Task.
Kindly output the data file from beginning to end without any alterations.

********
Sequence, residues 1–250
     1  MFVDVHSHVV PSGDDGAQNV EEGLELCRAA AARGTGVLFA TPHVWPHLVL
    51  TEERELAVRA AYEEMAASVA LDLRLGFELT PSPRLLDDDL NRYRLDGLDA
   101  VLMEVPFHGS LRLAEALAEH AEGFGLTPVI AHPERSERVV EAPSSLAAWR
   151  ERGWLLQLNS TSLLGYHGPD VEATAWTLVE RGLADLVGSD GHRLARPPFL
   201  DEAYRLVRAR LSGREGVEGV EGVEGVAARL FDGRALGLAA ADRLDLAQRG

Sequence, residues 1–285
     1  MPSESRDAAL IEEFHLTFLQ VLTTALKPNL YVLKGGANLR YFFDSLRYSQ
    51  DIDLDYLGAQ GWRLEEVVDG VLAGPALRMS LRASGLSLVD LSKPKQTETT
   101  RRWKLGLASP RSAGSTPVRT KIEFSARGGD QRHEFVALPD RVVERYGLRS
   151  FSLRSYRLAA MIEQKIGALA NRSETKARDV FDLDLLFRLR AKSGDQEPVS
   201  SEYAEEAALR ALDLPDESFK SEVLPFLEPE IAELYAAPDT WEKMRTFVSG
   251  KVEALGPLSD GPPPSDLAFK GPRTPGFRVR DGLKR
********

Sequence, residues 1–250
     1  MFVDVHSHVV PSGDDGAQNV EEGLELCRAA AARGTGVLFA TPHVWPHLVL
    51  TEERELAVRA AYEEMAASVA LDLRLGFELT PSPRLLDDDL NRYRLDGLDA
   101  VLMEVPFHGS LRLAEALAEH AEGFGLTPVI AHPERSERVV EAPSSLAAWR
   151  ERGWLLQLNS TSLLGYHGPD VEATAWTLVE RGLADLVGSD GHRLARPPFL
   201  DEAYRLVRAR LSGREGVEGV EGVEGVAARL FDGRALGLAA ADRLDLAQRG

Sequence, residues 1–285
     1  MPSESRDAAL IEEFHLTFLQ VLTTALKPNL YVLKGGANLR YFFDSLRYSQ
    51  DIDLDYLGAQ GWRLEEVVDG VLAGPALRMS LRASGLSLVD LSKPKQTETT
   101  RRWKLGLASP RSAGSTPVRT KIEFSARGGD QRHEFVALPD RVVERYGLRS
   151  FSLRSYRLAA MIEQKIGALA NRSETKARDV FDLDLLFRLR AKSGDQEPVS
   201  SEYAEEAALR ALDLPDESFK SEVLPFLEPE IAELYAAPDT WEKMRTFVSG
   251  KVEALGPLSD GPPPSDLAFK GPRTPGFRVR DGLKR